A DECISION from the UK’s top court ruling Holyrood does have the powers to hold an independence referendum will not necessarily break the political “deadlock” over the issue, it has been predicted.

The Supreme Court will hear arguments for and against the Scottish Parliament being able to pass a draft independence referendum bill over two days on October 11 and 12.

It will be a key moment in the Scottish Government’s plans to hold a vote on whether Scotland should leave the UK next year.

The case will be live-streamed on the Supreme Court website, but those tuning in should not expect a dramatic courtroom showdown between legal representatives for the Scottish and UK Governments – and the “verdict” of the judges won’t be delivered for weeks.

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Scotland’s Lord Advocate Dorothy Bain KC will spend much of the time outlining both sides of the argument on the question of whether or not the draft independence bill relates to reserved matters at Westminster, while the UK Government will argue it does and is therefore outwith the powers of Holyrood.

If the Supreme Court decides that draft referendum legislation would be within the Scottish Parliament’s powers, First Minister Nicola Sturgeon has said her government would “immediately introduce” the bill and ask Holyrood to pass it “on a timescale that allows the referendum to proceed on October 19 next year”.

Dr Nick McKerrell, senior lecturer in law at Glasgow Caledonian University, said in this scenario it was it was unlikely the UK Government would stop the bill – but there would still be the possibility of anyone in Scotland challenging it.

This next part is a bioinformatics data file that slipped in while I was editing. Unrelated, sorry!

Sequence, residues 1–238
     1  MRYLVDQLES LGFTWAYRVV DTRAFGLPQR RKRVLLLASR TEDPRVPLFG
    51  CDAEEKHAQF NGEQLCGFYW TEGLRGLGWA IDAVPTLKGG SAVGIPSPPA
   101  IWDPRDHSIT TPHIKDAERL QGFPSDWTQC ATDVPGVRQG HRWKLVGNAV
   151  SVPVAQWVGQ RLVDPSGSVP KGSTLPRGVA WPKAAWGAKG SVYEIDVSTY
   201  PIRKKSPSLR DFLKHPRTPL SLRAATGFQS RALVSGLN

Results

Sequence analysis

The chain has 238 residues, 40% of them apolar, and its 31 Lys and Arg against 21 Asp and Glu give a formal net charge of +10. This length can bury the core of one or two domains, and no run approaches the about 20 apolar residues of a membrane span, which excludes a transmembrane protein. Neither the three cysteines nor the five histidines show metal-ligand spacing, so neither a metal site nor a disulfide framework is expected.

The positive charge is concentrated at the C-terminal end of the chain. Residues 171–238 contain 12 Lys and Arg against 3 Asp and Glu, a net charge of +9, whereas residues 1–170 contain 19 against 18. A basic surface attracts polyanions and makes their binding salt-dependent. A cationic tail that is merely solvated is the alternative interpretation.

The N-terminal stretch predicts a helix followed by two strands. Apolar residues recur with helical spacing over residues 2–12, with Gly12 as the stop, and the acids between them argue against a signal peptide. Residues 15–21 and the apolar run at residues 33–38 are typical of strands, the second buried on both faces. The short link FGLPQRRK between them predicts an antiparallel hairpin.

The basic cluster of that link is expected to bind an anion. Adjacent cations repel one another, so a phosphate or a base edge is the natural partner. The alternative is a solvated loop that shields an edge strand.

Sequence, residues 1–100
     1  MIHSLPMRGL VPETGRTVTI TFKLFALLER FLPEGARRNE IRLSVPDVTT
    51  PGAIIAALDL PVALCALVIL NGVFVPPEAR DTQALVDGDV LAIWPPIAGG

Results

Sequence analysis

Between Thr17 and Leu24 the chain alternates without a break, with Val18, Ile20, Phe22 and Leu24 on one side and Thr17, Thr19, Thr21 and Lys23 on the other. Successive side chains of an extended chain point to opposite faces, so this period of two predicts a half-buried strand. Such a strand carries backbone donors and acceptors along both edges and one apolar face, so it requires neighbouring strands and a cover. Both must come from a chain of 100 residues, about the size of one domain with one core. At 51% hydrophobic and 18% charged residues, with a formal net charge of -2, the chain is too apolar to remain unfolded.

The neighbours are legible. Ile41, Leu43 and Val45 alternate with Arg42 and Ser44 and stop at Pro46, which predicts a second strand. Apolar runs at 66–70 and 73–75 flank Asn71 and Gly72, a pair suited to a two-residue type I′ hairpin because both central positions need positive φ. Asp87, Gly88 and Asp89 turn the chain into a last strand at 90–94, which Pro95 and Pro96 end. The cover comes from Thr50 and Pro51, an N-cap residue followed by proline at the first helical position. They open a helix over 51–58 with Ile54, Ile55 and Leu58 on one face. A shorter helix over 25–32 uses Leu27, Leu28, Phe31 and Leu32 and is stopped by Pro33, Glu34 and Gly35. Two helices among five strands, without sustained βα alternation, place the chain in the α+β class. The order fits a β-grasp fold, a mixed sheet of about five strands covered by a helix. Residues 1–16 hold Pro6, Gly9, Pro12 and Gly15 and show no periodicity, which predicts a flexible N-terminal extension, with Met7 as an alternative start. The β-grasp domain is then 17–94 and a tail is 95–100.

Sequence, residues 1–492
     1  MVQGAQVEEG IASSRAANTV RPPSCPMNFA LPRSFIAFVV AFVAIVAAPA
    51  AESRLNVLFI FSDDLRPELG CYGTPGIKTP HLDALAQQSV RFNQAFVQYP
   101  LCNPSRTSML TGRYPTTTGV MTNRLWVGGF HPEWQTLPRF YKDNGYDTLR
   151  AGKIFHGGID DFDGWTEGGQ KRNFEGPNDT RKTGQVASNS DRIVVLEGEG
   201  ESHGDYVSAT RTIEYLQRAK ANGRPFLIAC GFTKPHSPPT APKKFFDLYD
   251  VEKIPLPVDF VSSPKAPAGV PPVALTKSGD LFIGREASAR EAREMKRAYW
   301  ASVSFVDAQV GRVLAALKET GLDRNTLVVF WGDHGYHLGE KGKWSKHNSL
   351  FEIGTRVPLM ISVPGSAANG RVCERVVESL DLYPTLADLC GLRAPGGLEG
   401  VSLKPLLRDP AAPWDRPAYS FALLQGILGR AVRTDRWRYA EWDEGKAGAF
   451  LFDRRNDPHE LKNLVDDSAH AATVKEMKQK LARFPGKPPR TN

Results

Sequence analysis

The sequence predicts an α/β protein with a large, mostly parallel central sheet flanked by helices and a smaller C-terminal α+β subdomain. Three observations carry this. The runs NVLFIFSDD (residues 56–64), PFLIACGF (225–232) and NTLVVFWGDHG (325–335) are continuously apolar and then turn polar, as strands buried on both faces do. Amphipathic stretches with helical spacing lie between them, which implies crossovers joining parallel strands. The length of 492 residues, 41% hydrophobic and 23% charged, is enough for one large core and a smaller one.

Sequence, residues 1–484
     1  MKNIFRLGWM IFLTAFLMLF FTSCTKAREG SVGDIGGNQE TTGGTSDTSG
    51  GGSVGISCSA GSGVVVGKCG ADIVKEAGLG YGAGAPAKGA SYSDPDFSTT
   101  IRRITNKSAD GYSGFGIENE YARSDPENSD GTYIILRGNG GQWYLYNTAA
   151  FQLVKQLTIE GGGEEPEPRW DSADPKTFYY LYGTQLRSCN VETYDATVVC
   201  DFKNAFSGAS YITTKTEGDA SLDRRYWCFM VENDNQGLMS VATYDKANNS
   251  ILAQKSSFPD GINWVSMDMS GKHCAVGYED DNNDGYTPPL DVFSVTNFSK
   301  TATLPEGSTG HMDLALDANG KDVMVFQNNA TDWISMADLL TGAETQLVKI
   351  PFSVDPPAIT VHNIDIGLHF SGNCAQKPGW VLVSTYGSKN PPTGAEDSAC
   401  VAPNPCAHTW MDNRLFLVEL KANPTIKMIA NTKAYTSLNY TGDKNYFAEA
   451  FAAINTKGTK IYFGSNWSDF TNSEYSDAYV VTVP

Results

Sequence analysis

“Anyone in Scotland could challenge it in the Scottish courts after it has become enacted, like [what] happened with the law on minimum alcohol pricing – the Whisky Association unsuccessfully challenged that through the courts,” he said.

“That could happen, but I think it would be very minor delaying tactics – as if there was a Supreme Court ruling on it it would be difficult for the Scottish courts to say actually it is not within the power of the Scottish Parliament.

“There is nothing to stop someone raising a challenge, but it would be dismissed I think very quickly. So if the Supreme Court rules in its favour, I think there is very little legal obstacles you could put in its way.”

However, McKerrell said that the Supreme Court making a clear ruling in this way was probably one of the “more unlikely” outcomes.

One of the major challenges which the UK Government will also make is over the timing of the case going to the Supreme Court – which is happening before the bill has been through parliament, where it could be amended.

“In other cases where a bill had been reviewed by the Supreme Court, this has been done at the end of the road as regards parliament, not at the beginning of the road,” he said.

The National: Anthony Salamone said that the UK Supreme Court cannot force Westminster to cooperate with HolyroodAnthony Salamone said that the UK Supreme Court cannot force Westminster to cooperate with Holyrood